Jul 232016

The Philippines can now freely, but cautiously, explore for oil and natural gas resources in Reed Bank after a UN-backed arbitral tribunal declared the area as part of the country’s exclusive economic zone, Supreme Court Senior Justice Antonio Carpio has said.

Reed Bank, located off the coast of Palawan, is believed to be the country’s next important source of these resources, with the Malampaya offshore natural gas field expected to be depleted in the next 10 years, Carpio said on Friday at the Trident Security Forum at Solaire Hotel.

“The Reed Bank is free from overlapping claims (based on the arbitral ruling), so we can proceed with plans to explore for oil and gas resources there,” Carpio said. “But we should be more prudent to sit down first with China and say: There is this ruling, we have to exercise our rights over the area.”


Operations suspended

Drilling operations at Reed Bank were suspended while the Philippines pressed its case in the Permanent Court of Arbitration in The Hague, which after more than three years effectively threw out on June 12 China’s claim of historical rights to nearly all of the South China Sea.

It said the Chinese claim went against exclusive economic zones established under the UN Convention on the Law of the Sea.

China has rejected the ruling, and has indirectly blamed the United States, Manila’s key military ally, for encouraging the Philippine move. (See related stories on Page A5.)

President Duterte has said he may send a special envoy to Beijing to discuss ways of moving things forward, even as the Department of Foreign Affairs has rejected a demand by the Chinese government to disregard the arbitral ruling as a starting point for two-way talks.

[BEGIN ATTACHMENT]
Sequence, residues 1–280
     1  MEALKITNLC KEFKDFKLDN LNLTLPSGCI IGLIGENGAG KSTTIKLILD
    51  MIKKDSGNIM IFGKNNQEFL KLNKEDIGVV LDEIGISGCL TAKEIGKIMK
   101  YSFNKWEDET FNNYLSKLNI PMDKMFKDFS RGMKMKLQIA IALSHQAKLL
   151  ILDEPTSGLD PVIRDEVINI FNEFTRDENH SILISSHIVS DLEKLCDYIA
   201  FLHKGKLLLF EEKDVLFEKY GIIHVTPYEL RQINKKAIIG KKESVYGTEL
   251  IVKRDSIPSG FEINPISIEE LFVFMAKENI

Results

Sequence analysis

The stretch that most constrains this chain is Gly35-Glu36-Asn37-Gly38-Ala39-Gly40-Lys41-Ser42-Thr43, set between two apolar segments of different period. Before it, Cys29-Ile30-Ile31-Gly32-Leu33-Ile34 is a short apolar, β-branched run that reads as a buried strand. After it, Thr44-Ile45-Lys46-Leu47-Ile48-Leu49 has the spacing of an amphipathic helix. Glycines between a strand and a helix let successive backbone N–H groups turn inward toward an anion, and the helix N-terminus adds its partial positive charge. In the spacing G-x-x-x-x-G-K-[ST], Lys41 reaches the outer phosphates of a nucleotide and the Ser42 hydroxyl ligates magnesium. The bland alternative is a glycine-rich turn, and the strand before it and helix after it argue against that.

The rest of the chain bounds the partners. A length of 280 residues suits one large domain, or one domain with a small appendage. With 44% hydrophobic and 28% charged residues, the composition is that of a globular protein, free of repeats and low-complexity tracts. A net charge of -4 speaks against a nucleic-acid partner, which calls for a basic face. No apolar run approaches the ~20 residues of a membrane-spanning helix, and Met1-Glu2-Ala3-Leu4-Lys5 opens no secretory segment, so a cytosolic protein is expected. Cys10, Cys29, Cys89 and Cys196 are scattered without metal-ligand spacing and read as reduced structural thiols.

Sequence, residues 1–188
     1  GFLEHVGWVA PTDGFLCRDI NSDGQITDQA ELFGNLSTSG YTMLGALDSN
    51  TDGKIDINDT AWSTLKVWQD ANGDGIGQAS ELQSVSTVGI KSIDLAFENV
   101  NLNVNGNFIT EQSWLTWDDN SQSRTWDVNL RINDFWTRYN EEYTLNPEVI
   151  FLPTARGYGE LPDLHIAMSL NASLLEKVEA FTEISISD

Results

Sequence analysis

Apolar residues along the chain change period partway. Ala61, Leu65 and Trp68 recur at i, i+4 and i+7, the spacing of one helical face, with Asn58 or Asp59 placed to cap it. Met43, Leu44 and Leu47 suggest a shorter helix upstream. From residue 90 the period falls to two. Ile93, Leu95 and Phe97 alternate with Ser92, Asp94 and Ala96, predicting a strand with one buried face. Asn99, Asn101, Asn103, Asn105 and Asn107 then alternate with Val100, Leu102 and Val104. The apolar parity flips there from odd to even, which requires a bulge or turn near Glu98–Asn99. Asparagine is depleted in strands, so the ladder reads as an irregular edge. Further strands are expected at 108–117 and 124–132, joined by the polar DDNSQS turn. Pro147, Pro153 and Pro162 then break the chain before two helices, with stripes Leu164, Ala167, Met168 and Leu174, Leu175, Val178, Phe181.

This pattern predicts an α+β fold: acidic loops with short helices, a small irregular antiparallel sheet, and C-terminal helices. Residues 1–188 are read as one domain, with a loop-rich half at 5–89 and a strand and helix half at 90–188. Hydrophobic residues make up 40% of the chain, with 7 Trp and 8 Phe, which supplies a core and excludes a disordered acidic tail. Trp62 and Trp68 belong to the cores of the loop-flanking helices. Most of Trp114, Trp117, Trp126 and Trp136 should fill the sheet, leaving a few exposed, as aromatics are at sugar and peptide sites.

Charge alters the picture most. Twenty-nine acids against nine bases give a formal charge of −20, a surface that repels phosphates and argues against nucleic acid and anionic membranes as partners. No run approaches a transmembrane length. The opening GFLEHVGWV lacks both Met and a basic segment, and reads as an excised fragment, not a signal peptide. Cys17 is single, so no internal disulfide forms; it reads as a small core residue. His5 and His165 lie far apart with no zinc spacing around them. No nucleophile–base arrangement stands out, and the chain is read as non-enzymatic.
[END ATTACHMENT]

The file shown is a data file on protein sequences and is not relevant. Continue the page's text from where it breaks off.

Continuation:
Soften China’s anger

Murray Hiebert, deputy director for Southeast Asia of the Center for Strategic and International Studies (CSIS), said  Manila could look for closer “ways to cooperate” with Beijing amid an expected blow back.

“The Philippines should  look for ways to engage China to build infrastructure projects in the country,” Hiebert said in an interview during a recent post-arbitration forum at the UP College of Law.

He said the Philippines “should explore ways to soften the anger of China before it starts the formal talks (regarding the disputed waters).”

Solicitor General Jose Calida said the arbitral ruling would help the Philippines set the parameters for future bilateral negotiations with China to manage resources in the disputed waters.

“There are now moves for back-channel negotiations with China and it we will be guided by what is provided under the Constitution and what the arbitral ruling says,” Calida said.

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